Apply now to join our next cohort of Community Science Fellows and Community Leads!

Meet Our New Cohort of Community Science Fellows

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Expanding the reach of community science through thoughtful leadership training



The Thriving Earth Exchange Community Science Fellowship has quickly gained steam since its launch last summer. Our first cohort of fellows launched in September and they’re already making great progress matching communities with scientific partners (more on that below). In addition, we have just launched our second cohort of fellows! The new cohort kicked off with a two-day in-person training in early December.


About the Fellowship

Thriving Earth Exchange Community Science Fellows are current and future leaders in the community science movement. After being matched with a local community, each fellow is responsible for shepherding a community science project from idea to impact. This includes getting to know the community, identifying ways science can advance community goals, recruiting partner scientists, managing and supporting the project, and helping to share the team’s story and impact. Fellows serve in a volunteer capacity for a period of 6-18 months.

Fellowships begin with a two-day, in-person, hands-on training from Thriving Earth Exchange staff. The training covers the principles of community science and its relationship to issues of diversity, equity and inclusion, and gives participants the chance to practice key skills for designing successful projects, matching communities with scientists and engaging with partners throughout the duration of a project. After the training, fellows launch their projects while receiving ongoing support and mentorship from Thriving Earth staff, a peer group of fellows and a dedicated community science mentor.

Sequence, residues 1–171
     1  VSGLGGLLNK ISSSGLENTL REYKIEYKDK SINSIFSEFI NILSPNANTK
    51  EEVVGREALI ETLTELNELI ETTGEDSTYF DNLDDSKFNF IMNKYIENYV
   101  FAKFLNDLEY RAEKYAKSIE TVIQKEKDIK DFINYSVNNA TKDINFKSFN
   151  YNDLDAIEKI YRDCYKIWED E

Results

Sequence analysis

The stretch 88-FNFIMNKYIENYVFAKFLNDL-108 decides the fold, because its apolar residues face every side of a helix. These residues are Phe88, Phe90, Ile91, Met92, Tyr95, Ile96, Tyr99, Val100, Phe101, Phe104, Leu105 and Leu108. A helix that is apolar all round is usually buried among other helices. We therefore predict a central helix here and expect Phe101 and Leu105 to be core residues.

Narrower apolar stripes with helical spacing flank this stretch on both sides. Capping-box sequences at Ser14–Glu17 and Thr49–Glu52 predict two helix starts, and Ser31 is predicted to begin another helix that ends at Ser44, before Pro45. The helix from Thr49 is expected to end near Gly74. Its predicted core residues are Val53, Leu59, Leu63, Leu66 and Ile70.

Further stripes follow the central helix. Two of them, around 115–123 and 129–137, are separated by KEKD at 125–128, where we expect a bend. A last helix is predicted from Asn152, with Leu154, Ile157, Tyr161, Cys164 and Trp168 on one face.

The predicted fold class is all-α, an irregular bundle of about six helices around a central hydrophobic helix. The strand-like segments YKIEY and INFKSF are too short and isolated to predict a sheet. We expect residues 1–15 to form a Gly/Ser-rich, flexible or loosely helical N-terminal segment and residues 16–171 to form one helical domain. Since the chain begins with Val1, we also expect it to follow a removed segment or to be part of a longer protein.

Additional cohorts will be launching in 2020. Learn more and apply.


Meet the New Fellows


Maitreyee Doshi is a Project Engineer at First Solar where she works on utility-scale solar projects. Prior to working in the utility-scale solar sector, she worked as a residential solar designer with Sunrun. She also volunteers in various STEAM events with the local school districts. Maitreyee received her B.Tech in Electronics and Instrumentation from Vellore Institute of Technology and a P.S.M degree in Solar Energy Engineering and Commercialization from Arizona State University. In her free time, Maitreyee enjoys reading, hiking, and is currently learning to play the violin.


“This is an amazing opportunity to see how science can be applied differently and see the direct impact it can have on a community. […] My hope is to be able to provide a result to the community that they can build on.” – Maitreyee Doshi



Chad Heinzel integrates geologic, archaeologic and geographic techniques to investigate possible environmental and anthropogenic influences on the socio-economic development of indigenous populations in Sicily, Iowa and the Northern Rocky Mountains. The overall goal of his research is to understand and communicate the interrelationships between human civilizations and their environments (landscapes/soils/rivers); it is his hope that by effectively quantifying and communicating the environmental successes and failures of past human civilizations, we can strengthen/improve our own interactions/relationships with the Earth’s dynamic landscapes. He is particularly interested in the Neolithic to Iron Age (7000 to 800 B.C.) of western Sicily and (Late Woodland) Native American transitions from hunting and gathering to agriculture. He has conducted research and taught in southern Italy, Sicily, North Dakota, and Iowa for the past 20 years. Students are an integral part of his research, teaching and service efforts as he engages, trains and prepares future geoscientists. He also believes that it is vital to engage our citizens, such as teachers, parents, business professionals, politicians and teachers, to facilitate environmental and geologic awareness, literacy and appreciation.